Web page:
Recently it has been announced that a new “Social care levy” will be introduced at a rate of 1.25% on all employees and self-employed people from April 2022, with it also reaching workers above pensionable age from April 2023, who are currently exempt from National Insurance. Additionally, if you employ people and pay employers NIC, that too will go up by 1.25%. If you are a hard working director of your own small business that is just coming out of a national pandemic, paying yourself dividends, that tax rate also increases by 1.25%. Is now a good time to remind company directors (many of which lost out on any Covid related grants) that Corporation tax rates will also increase from April 2023 to a maximum 25% from 19%. I guess we knew it would come, but these measures could potentially be substantial for some businesses.

The latest “levy” will be shown separately on payslips from 2023, but probably will be included in National Insurance for a year while HMRC’s systems catch up. This means that people earning £24,000, less than the average wage, would pay an additional £260 a year for the levy. Anyone earning less than £9,680 will not have to pay the levy. A typical higher rate taxpayer earning £67,100 will contribute £715.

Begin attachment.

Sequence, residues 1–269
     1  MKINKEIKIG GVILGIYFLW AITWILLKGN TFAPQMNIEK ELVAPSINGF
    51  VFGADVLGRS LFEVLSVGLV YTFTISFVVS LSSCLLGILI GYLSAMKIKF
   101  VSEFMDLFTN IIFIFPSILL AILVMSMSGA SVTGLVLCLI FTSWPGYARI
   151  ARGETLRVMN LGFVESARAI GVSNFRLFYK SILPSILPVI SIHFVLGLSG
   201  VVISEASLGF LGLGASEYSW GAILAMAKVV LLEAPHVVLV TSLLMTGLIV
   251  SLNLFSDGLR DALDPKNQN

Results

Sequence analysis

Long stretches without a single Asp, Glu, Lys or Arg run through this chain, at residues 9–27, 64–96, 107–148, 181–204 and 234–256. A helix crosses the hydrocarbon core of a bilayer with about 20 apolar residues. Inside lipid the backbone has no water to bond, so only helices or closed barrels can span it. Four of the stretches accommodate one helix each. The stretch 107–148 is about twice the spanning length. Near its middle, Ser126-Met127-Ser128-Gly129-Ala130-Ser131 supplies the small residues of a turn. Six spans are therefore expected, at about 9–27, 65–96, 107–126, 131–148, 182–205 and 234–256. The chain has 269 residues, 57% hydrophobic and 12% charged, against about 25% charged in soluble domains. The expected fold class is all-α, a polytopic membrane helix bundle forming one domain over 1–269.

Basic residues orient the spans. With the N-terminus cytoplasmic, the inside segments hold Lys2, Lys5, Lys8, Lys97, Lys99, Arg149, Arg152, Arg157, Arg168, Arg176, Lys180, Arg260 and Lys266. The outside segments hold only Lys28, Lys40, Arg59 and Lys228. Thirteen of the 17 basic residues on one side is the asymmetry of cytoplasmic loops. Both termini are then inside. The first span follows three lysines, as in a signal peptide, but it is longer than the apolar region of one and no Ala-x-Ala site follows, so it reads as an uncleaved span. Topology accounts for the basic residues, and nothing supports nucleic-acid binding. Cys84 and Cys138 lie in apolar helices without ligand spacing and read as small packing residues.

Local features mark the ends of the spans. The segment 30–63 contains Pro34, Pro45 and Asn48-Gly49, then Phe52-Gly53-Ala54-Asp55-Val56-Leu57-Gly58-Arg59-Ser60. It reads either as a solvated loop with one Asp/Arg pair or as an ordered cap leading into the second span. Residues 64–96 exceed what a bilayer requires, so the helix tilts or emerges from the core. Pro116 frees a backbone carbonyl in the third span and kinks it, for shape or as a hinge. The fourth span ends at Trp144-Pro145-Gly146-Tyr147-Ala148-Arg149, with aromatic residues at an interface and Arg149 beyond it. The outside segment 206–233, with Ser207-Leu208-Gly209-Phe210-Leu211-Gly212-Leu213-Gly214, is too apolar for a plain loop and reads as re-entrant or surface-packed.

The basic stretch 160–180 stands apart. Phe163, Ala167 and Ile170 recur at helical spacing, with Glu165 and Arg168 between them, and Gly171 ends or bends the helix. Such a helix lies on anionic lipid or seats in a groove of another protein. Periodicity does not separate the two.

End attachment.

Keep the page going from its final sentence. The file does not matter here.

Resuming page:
There are exemptions and lower limits, details of which at the time of writing are yet to become clear. This does however highlight the importance of tax planning. In past articles I have touched on various topics such as pensions, vehicles, VCT investments (need IFA advice) to name a few but as the tax burden will inevitably increase, we may need to think more pro-actively about our businesses and the choices we make.

By Simon Jilks FCCA, Ivybridge Accountants